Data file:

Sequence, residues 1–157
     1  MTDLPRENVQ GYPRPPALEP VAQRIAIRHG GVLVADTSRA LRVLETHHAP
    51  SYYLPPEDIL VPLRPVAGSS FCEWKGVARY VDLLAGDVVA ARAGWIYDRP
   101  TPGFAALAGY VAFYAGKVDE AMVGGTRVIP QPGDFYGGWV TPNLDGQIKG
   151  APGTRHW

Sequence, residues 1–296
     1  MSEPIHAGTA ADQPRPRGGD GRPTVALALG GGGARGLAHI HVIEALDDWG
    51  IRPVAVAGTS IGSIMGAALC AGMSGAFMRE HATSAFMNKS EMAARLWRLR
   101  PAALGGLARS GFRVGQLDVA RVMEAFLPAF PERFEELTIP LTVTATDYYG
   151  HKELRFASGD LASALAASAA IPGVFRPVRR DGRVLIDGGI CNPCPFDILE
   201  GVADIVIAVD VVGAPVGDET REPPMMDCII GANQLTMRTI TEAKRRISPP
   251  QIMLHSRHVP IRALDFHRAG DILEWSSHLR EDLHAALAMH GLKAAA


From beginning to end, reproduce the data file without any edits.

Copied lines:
Sequence, residues 1–157
     1  MTDLPRENVQ GYPRPPALEP VAQRIAIRHG GVLVADTSRA LRVLETHHAP
    51  SYYLPPEDIL VPLRPVAGSS FCEWKGVARY VDLLAGDVVA ARAGWIYDRP
   101  TPGFAALAGY VAFYAGKVDE AMVGGTRVIP QPGDFYGGWV TPNLDGQIKG
   151  APGTRHW

Sequence, residues 1–296
     1  MSEPIHAGTA ADQPRPRGGD GRPTVALALG GGGARGLAHI HVIEALDDWG
    51  IRPVAVAGTS IGSIMGAALC AGMSGAFMRE HATSAFMNKS EMAARLWRLR
   101  PAALGGLARS GFRVGQLDVA RVMEAFLPAF PERFEELTIP LTVTATDYYG
   151  HKELRFASGD LASALAASAA IPGVFRPVRR DGRVLIDGGI CNPCPFDILE
   201  GVADIVIAVD VVGAPVGDET REPPMMDCII GANQLTMRTI TEAKRRISPP
   251  QIMLHSRHVP IRALDFHRAG DILEWSSHLR EDLHAALAMH GLKAAA